here I am again.

I do know about How + adverbs or adjectives (e.g.: How tall is he?, how handsome is he?, how deep is the river?..); however, I'd like to know three little things,

First: What is this rule's name? If there is one. (The grammar topic which talks about it);

Second: Is "How + adverbs or adjectives" always complements of the verb? E.g.: How deep is the river? - It is 100 feet deep - 100 feet deep is the complement of the verb Is, since it's a linking verb; therefore, How deep" means = "100 feet deep" which is the complement, so, is it the complement being placed in the beginning?

Thirdy: Could I say: Is it how deep? If not, why? What rule talks about placing the adverb in the beginning of the sentence?

  • 'How awesome is it / that [?]' can hardly be anything but rhetorical, synonymous with 'It's awesome!' Feb 21, 2017 at 1:26
  • @EdwinAshworth - Although this isn't what my question is focused on, I will change this example
    – A.Cool
    Feb 21, 2017 at 2:03
  • 1
    The Wikipedia article on English determiners addresses your first question. / '100 feet deep' is a measure phrase + adjective; these are discussed at Measure phrases as modifiers of adjectives - Recherches ... rlv.revues.org/pdf/1401 by R Schwarzschild. Here, they are indeed complements. / Only in a very marked way for emphasis. You can call this the 'start with the wh-word rule' (but I wouldn't). Feb 21, 2017 at 11:01

1 Answer 1


All these sentences (How tall is he?, how handsome is he?, how deep is the river?) are example of interrogative sentences. The word order is: how (question word) + adv/adj + verb + subject. These same sentences can be made exclamatory sentences by changing the pattern: how + adv/adj + subject + verb.

The verb 'is'( verb be ) is a linking verb and the adjectives 'tall', 'handsome' and 'deep' are subject complements. There are no verb complements, so there are no adverbs here.

'How deep is the river?' - 'It (the river) is 100 feet deep'. The phrase '100 feet' modifies the adjective 'deep' and thus becomes an adverbial. But still the phrase '100 feet deep' complements the subject 'the river'.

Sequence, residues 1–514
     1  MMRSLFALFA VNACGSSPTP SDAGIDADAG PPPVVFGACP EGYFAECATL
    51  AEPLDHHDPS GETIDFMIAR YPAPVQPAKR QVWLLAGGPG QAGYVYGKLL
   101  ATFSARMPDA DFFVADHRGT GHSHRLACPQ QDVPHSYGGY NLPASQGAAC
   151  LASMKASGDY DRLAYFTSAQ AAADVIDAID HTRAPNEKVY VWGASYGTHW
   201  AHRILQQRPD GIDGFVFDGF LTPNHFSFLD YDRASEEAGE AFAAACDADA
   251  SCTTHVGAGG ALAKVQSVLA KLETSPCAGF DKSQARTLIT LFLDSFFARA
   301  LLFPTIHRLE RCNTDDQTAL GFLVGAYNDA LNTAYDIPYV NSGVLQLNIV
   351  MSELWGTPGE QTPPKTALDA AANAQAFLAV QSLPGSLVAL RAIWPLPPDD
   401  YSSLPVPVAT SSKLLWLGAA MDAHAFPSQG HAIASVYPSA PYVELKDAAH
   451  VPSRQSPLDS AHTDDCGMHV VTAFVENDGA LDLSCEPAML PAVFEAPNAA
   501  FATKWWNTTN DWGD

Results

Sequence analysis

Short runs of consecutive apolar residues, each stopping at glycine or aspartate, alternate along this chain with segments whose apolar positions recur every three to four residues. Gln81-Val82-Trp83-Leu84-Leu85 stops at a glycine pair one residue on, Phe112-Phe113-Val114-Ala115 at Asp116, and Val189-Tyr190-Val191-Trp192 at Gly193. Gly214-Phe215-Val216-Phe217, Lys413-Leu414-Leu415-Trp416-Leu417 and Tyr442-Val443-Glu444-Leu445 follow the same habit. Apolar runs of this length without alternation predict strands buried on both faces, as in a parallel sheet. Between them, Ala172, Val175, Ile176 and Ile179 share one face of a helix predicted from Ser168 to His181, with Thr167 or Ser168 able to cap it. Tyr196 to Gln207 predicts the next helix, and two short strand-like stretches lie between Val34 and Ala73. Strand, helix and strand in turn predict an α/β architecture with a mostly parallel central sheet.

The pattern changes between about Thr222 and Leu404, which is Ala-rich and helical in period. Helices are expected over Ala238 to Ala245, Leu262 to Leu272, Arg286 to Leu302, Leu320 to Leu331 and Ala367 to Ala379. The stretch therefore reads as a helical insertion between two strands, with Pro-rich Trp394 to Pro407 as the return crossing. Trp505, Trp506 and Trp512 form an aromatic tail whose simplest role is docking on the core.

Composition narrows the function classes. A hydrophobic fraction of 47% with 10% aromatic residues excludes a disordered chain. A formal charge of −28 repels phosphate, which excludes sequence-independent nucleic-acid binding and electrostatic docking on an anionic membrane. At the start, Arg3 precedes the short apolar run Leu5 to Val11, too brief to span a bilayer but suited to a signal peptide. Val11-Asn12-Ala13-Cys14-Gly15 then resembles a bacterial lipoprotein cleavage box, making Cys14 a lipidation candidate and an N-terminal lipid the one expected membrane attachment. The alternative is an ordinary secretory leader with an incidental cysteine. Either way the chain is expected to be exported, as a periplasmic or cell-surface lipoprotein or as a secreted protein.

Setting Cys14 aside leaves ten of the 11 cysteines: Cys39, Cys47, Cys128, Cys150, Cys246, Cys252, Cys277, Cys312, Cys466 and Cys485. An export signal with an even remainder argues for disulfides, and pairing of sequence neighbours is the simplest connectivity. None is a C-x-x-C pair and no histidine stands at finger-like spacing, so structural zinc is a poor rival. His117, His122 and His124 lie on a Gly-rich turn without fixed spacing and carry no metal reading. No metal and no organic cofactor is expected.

"Is it how deep?" is meaningless and grammatically wrong. It should be either Is it deep? or How deep is it?, if an interrogative sentence is intended; or, How deep it is!, if an exclamation sentence is intended.

  • So, the main rule for interrogative adverbs is: They always come in the beginning of the sentence, right?
    – A.Cool
    Feb 22, 2017 at 0:28
  • @Haseo No: "I didn't know how tall he was". They are usually - but not always - fronted to the beginning of the clause NOT the sentence. Feb 22, 2017 at 14:36
  • @Araucaria - But in your example, how tall he was is a noun clause, not an interrogative wh-question. How tall he was doesn't matter - Noun Clause How tall was he? - Interrogative WH-Question
    – A.Cool
    Feb 22, 2017 at 15:03
  • @Haseo That's the problem if you use terms like "noun clause". If you believe in such things then you need to know that so-called "noun clauses" can be declarative clauses, interrogative clauses, exclamative clauses and so forth. In your particular case your question is about interrogative clauses. In just about every grammar of English "how tall he was" is an interrogative clause in my example (when not given an exclamative interpretation). Feb 22, 2017 at 15:08
  • @Araucaria - I do believe in "noun clauses" since it is listed in the main gramamr rules of clauses. There is a very simple way to differ interrogative adverbs from noun clauses: Noun clauses always take the normal construction: Adverb + Subject + Predicate, whereas Interrogative wh-questions are always phrased in the question construction: Adverb + Verb + Subject + Predicate. Also, noun clauses can only be used with transitive verbs.
    – A.Cool
    Feb 22, 2017 at 15:53

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